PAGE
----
Reflections on the community innovation process

Wellness 50+ works to achieve an environment in which older adult community members can support each other in making positive behavior changes that further health and wellness. The iterative process of learning, generating ideas, implementing activities, and evaluating results is evident in all aspects of Wellness 50+. Being open to an iterative process and encouraging community teams to find their own paths was key to producing results. VAN was able to provide “patient leadership” in this process because the Bush Foundation provided “patient capital,” allowing for a focus on long-term results rather than short-term gains. In addition, developing solid, sustainable partnerships and building off of existing resources has been an important element of success in all four communities. For example: Community partners have provided dollars (the city of Oakdale has a $10,000 budget item for Wellness 50+), expertise (Alexandria Technical & Community College provided Senior Fitness Tests for program participants), access to space (Ebenezer provides prime space for weekly community gatherings in Phillips), access to resources (Hamline Midway Elders pays for a chef for healthy meals).

Progress toward an innovation

We are thrilled to say that all four pilot communities made progress toward the community innovation. Each has progressed in its own way and the results are different from community to community. Through the process we have found abundant evidence that people care about their health and that they want to support each other in improving it. Team members contributed more than 6,000 hours over the three-year period and engaged 640 community members with more than 3,200 contact hours. Teams have tracked participation, measured steps, done pre- and post fitness assessments and conducted surveys in order to measure change. The teams have found that building connection and community support is itself a form of measurable change. While the teams continue to strive for quantifiable measures in order to know they are making a difference, at least in the early stages of their work, they don’t want it to get in the way of community-building efforts. The teams have produced an abundance of anecdotal evidence of their progress such as, “I made a commitment to quit smoking because of this group. I am going to need everyone’s help to be successful.” “Being a part of this has changed my life.”

What it will take to reach an innovation?

While the Wellness 50+ pilot produced positive results, there is much more work to do. Some of the key changes that we would make to the program based on what we have learned include:
1. Provide additional training for our community-based facilitators and develop a stronger learning community among facilitators to support their work and needed course corrections.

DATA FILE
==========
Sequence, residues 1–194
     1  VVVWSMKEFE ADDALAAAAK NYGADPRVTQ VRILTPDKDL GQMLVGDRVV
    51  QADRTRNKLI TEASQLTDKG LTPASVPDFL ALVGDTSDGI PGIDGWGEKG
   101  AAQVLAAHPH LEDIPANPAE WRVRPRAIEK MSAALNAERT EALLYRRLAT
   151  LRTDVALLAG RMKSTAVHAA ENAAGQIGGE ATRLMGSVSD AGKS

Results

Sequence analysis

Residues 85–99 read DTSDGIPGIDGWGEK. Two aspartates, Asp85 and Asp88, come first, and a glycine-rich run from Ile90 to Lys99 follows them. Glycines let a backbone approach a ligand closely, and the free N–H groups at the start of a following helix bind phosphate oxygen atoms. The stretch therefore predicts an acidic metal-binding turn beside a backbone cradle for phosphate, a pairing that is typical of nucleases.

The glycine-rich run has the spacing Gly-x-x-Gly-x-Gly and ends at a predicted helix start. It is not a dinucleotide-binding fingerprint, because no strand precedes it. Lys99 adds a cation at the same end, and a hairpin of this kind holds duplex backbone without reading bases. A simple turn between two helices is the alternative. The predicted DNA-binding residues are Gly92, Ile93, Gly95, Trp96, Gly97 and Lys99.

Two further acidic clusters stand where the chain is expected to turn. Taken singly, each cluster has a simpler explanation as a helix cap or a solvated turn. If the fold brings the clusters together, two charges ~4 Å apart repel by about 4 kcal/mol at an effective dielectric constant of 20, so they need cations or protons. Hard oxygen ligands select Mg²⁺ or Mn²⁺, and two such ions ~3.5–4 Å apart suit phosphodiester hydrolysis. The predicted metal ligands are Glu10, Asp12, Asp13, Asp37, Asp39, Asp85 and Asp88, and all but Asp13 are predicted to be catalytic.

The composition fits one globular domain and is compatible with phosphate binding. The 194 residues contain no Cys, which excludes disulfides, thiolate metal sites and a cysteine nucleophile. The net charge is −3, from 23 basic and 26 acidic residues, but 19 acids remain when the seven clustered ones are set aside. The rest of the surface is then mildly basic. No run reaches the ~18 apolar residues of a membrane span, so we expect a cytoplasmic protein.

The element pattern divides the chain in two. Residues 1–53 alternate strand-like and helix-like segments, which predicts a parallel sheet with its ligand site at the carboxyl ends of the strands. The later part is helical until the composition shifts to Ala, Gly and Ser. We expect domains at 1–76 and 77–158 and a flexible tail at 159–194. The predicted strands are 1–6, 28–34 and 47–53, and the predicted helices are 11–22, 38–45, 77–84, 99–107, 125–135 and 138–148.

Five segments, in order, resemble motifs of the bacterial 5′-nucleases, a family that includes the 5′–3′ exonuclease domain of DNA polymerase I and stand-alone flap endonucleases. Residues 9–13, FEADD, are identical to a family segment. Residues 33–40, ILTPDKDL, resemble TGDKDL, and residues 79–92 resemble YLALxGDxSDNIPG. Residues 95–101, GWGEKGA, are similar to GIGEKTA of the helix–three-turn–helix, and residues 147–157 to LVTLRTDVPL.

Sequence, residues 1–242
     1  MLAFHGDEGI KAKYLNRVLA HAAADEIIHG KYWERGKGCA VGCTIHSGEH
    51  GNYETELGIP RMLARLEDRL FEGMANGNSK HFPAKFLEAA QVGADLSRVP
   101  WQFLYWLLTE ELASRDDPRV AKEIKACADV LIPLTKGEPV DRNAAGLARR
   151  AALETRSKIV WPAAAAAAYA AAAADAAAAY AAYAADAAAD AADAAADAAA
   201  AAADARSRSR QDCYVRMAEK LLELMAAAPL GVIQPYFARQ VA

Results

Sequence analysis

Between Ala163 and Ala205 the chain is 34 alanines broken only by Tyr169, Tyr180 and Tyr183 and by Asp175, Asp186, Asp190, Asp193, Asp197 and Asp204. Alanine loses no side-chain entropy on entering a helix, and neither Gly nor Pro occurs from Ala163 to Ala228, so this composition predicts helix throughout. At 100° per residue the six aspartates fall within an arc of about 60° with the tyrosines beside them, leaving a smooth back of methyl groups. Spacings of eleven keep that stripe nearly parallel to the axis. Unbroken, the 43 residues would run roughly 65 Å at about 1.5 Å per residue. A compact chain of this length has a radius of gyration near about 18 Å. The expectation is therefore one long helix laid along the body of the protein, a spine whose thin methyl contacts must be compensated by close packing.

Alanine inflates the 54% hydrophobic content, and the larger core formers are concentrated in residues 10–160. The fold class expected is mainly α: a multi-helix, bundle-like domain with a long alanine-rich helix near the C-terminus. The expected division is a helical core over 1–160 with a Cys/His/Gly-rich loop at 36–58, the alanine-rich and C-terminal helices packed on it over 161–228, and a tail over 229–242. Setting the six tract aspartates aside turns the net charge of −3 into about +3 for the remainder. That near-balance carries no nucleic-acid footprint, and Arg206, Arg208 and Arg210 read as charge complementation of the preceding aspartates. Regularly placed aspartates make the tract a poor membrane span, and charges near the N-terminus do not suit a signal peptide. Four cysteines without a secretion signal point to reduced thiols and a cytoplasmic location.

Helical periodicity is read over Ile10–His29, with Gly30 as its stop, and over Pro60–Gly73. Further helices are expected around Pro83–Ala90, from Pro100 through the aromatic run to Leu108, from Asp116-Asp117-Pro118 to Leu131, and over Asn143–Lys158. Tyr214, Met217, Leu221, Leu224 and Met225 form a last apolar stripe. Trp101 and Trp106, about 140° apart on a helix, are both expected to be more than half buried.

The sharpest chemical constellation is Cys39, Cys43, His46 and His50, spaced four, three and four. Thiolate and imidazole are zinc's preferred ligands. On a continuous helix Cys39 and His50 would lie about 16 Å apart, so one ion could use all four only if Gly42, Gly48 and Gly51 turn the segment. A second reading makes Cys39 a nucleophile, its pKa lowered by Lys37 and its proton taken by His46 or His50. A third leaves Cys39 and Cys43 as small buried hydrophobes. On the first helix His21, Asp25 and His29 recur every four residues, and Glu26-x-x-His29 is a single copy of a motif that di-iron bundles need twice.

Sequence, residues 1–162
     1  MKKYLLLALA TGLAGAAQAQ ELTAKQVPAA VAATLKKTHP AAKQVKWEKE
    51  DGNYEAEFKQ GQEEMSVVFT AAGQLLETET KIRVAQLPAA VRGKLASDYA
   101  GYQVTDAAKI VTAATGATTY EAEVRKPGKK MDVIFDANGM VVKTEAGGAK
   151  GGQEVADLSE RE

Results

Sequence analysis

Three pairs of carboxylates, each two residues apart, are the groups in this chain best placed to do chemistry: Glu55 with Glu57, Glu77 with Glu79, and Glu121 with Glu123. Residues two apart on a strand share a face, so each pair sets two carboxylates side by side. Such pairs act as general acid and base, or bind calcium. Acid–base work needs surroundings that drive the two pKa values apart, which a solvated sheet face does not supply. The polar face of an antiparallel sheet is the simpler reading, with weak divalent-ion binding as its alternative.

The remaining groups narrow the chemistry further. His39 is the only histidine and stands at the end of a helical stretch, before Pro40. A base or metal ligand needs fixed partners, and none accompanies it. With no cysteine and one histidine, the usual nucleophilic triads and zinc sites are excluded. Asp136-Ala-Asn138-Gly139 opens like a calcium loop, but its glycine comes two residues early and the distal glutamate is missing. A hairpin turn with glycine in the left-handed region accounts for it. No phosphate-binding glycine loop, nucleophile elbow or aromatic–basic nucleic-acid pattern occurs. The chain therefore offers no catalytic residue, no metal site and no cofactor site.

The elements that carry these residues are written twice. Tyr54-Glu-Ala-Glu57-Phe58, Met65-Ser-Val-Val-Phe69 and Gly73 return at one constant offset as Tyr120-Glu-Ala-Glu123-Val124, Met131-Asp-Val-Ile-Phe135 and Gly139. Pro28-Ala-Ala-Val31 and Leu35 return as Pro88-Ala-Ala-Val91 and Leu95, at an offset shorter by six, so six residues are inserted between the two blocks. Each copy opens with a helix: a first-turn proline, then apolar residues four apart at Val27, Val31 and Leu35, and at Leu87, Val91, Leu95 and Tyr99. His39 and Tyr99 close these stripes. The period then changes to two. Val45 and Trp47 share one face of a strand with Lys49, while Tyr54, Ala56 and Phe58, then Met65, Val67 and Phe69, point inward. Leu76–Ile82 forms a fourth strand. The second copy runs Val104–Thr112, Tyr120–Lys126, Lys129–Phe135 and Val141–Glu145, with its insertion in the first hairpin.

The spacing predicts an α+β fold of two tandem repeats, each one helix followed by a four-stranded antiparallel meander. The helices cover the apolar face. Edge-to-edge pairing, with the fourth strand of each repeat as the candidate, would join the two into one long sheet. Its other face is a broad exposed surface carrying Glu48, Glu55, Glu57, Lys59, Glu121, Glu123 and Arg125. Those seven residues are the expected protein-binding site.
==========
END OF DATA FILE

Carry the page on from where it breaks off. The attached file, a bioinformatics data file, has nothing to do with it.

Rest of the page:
2. Reconfigure team training to integrate it more successfully with the community work.
3. Start with a larger size team (10 to 15) and add new team members as opportunities and need arise rather than in large groups each year.
4. Provide a set of activities that a team could choose to implement. This provides an example of a pathway forward and may help teams spend less time re-inventing the wheel. Teams would be free to deviate from the pathway in any way they want but it would provide solid grounding for their specific innovations.

What's next?

Three of the four Wellness 50+ pilots—Alexandria, Oakdale and Phillips—are solidly situated to sustain and grow their efforts. The work in Hamline Midway will continue through their partnership with the Hamline Midway Elders, rather than as a separate entity. The Vital Aging Network plans to continue to support these efforts as a “backbone organization,” providing training, bringing community teams together, developing program-level partnerships and funding, and other supports. We are in active discussions with HealthPartners, Allina and HealthEast for continuing financial and programmatic support. Our goal is to expand the program to additional communities in 2017.

If you could do it all over again...

The most important change we would have made is strengthening the role of and support for the community facilitators. In retrospect we understand that the facilitator is the lynchpin to success in the communities. Acting in the role of civic leader is not intuitive to many (as a society we are not creating the muscle memory needed to make it instinctive). By providing additional training and supporting the facilitators through a community of learning, the facilitators would be able to help the teams excel, with fewer missteps and less anxiety. One of VAN’s goals in 2017 is to establish a strong facilitator team to fuel efforts to continue to build the communities and expand to new communities.

One last thought

We are convinced that this is powerful work and that older adults leading community-based initiatives to improve health and well-being can make significant and lasting change—benefiting both the individuals involved and communities as a whole. The long-term result will be better quality of life for individuals as well as lower costs—both social and economic—to individuals and communities. Better quality health in older adults—physical, mental, and social—reduces the need for costly medical interventions.